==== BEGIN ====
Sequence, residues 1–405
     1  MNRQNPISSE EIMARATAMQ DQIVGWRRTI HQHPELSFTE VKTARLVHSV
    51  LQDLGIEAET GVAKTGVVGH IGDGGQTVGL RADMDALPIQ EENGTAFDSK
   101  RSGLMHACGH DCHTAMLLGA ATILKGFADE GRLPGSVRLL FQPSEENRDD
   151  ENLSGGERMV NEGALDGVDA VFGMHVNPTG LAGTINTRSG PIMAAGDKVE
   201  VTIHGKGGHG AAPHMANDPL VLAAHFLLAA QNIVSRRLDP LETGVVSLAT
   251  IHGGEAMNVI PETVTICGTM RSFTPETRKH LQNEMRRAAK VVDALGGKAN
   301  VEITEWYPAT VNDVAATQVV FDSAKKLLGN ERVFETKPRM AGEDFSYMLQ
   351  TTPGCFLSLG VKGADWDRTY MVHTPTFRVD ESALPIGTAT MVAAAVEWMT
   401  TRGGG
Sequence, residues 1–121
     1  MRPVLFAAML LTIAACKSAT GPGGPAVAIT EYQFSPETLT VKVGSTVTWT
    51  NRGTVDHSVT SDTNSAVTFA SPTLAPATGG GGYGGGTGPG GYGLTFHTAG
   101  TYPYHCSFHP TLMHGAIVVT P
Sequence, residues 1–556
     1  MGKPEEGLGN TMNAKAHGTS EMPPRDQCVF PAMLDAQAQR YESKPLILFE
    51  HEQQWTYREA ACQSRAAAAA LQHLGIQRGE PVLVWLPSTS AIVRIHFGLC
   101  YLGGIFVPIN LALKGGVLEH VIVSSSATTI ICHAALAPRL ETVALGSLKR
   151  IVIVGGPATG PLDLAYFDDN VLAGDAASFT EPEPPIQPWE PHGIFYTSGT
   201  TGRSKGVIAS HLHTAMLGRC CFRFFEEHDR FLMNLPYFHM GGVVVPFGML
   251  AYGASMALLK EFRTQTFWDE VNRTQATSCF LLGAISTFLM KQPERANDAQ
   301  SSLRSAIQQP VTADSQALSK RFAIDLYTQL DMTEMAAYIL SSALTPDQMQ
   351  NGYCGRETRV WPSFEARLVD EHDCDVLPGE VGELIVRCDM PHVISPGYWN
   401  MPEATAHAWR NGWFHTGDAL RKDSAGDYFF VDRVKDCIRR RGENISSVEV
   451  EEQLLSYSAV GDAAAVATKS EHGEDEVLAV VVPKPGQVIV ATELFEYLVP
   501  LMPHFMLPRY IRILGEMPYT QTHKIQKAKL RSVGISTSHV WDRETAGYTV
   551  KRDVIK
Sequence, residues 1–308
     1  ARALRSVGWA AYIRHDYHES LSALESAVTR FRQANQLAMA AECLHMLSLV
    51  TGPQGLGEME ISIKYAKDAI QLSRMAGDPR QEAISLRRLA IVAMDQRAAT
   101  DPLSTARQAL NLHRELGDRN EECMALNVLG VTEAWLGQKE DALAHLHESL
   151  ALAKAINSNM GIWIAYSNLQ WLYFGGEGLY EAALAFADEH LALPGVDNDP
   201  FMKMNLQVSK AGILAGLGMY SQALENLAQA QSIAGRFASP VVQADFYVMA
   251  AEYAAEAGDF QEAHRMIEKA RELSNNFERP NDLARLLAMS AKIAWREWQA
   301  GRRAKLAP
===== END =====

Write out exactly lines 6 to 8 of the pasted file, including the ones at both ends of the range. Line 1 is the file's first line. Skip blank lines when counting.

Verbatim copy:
   201  VTIHGKGGHG AAPHMANDPL VLAAHFLLAA QNIVSRRLDP LETGVVSLAT
   251  IHGGEAMNVI PETVTICGTM RSFTPETRKH LQNEMRRAAK VVDALGGKAN
   301  VEITEWYPAT VNDVAATQVV FDSAKKLLGN ERVFETKPRM AGEDFSYMLQ